This isn’t at all what I went to school for. I went to school for Sports Broadcasting, and then realized pretty quickly freshman year that me being in front of a camera is just kind of a bad idea, I like being behind the scenes more. In my first job out of college I really loved the research, planning and strategy work I did. I also found out that I really work well in an agency environment. I enjoy the culture, the people and the smart work that goes on in an agency.

What does “Creative Intelligence” mean to you?

It’s the ability to produce work that not only is designed well and looks great, but is also supported with strategic planning and research.

What are you most passionate about in your life, and why?

I am most passionate about my family! I have a husband and a dog. My dog is a Lab-Australian Shepherd mix and we go on long walks through our neighborhood every morning. My husband and I have owned our home for a little over a year now, so we’re still exploring the adventures of renovation and home repairs. I also really like to cook and bake, and I’m saving up for a camera so I can start a food blog.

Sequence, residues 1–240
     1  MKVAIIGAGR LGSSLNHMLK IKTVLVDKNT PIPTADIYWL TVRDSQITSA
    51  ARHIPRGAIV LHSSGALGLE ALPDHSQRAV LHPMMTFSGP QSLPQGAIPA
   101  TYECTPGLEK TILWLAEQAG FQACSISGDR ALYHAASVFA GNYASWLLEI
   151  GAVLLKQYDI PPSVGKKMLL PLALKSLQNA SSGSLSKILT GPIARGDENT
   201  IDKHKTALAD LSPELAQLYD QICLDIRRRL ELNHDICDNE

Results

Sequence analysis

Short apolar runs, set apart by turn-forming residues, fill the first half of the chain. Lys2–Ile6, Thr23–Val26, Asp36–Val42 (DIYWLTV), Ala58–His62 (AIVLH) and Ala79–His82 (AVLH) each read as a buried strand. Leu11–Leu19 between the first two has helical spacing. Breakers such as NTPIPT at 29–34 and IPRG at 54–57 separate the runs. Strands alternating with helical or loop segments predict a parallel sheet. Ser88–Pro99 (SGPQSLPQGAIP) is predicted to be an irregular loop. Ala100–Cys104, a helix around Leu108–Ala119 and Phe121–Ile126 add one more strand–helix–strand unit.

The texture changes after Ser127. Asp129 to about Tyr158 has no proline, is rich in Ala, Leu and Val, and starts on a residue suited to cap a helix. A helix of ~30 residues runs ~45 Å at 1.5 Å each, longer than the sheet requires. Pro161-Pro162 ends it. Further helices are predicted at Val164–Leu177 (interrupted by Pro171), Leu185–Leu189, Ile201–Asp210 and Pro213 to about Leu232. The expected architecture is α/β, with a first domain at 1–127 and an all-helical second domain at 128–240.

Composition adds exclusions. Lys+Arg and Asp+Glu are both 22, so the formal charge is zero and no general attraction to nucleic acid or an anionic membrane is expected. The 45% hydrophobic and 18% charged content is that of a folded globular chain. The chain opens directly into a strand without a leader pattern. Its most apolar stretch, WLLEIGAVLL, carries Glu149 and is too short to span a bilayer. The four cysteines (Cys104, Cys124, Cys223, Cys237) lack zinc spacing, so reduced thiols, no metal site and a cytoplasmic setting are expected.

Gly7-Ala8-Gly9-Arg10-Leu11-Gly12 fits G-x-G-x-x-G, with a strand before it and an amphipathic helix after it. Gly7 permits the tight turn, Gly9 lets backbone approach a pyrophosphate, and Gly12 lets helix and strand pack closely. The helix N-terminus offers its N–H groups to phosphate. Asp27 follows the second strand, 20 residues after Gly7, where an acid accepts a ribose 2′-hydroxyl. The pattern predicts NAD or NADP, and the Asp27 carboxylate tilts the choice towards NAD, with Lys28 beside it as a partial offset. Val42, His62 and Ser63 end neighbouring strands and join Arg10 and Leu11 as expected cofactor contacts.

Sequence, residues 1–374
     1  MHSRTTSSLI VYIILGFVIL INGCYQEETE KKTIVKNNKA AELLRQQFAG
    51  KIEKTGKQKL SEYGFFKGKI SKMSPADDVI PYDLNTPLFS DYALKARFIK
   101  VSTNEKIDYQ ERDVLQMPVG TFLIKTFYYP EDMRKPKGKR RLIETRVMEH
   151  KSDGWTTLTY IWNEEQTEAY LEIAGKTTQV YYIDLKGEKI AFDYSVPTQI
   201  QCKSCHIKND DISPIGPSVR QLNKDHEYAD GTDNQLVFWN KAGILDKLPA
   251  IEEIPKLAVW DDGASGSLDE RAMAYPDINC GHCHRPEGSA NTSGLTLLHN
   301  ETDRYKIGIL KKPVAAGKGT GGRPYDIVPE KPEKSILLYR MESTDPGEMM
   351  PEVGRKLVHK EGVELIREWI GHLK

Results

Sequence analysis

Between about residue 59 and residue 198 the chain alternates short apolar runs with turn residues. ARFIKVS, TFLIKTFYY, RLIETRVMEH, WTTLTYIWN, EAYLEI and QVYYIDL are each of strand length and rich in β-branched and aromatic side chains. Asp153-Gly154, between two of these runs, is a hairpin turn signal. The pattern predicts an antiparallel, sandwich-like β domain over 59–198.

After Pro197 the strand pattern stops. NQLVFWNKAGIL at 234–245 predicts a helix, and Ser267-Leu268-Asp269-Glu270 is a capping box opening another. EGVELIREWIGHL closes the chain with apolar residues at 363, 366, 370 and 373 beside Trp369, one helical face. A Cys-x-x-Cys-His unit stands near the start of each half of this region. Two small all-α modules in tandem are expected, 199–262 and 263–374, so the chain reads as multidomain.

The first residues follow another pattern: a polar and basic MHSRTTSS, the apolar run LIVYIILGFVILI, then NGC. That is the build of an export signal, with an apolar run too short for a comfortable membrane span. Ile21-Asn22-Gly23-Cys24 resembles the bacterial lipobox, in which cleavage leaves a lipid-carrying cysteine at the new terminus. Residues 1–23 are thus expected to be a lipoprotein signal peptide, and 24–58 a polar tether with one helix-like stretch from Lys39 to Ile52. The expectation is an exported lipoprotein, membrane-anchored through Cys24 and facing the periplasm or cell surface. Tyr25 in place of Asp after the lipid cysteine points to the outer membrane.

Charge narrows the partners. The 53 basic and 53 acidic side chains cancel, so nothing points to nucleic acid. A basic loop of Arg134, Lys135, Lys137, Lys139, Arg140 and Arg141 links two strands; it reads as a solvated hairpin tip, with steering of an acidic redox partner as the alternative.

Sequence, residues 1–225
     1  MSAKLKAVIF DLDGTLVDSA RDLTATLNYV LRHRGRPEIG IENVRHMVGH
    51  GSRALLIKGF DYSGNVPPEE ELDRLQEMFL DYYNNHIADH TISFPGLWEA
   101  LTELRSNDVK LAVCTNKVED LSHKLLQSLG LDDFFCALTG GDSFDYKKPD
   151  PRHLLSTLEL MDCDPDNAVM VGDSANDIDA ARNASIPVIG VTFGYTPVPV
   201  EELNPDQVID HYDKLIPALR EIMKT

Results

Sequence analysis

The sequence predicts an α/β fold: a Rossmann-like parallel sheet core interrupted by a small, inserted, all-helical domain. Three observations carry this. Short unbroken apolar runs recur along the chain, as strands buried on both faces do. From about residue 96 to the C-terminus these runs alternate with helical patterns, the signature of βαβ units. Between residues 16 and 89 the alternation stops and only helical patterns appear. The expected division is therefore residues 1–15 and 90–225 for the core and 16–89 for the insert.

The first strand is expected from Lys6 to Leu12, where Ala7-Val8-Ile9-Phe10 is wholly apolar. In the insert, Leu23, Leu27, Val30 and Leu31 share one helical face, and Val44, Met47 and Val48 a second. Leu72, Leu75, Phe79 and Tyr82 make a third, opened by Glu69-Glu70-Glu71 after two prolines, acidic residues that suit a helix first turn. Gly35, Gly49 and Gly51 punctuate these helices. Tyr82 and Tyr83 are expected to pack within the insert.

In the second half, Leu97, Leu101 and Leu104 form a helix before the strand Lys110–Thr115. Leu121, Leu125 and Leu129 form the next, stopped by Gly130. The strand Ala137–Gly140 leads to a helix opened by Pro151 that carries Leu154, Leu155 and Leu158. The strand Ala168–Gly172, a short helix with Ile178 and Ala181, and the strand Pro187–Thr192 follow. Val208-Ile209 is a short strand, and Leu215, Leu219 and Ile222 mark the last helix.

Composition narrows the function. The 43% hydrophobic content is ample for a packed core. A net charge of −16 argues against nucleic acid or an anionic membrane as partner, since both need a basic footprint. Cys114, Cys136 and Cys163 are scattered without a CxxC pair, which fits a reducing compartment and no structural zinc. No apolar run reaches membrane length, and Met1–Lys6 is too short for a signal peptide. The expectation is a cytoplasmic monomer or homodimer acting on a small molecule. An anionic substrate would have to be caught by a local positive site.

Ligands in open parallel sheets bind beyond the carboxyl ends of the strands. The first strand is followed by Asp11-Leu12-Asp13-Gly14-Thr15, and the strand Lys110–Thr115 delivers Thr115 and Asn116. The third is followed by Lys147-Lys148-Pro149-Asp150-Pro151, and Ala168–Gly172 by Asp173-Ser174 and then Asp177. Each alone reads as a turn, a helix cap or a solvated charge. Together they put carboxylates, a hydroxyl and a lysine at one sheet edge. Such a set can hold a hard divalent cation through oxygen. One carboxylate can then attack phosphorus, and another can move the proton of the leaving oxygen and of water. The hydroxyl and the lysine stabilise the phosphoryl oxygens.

Quickfire:

Pirates or Ninjas?

Pirates with ninja-like skills.

Pie: Apple or Pumpkin?

Apple. With ice cream.

Bright or Neutral Colors?

Neutral.

Math or English?

English.

Board games or video games?

Board games.

Now you know a little more about Megan Hawkins!

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IQ Spotlight: T.R. Wilhoit, Brand Strategist

IQ’s Favorite Apps and Services of 2015

Why Context Matters For Media Strategies

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How Much Should you Budget for Marketing – what other companies will spend in 2016

How much to budget for 2016 Marketing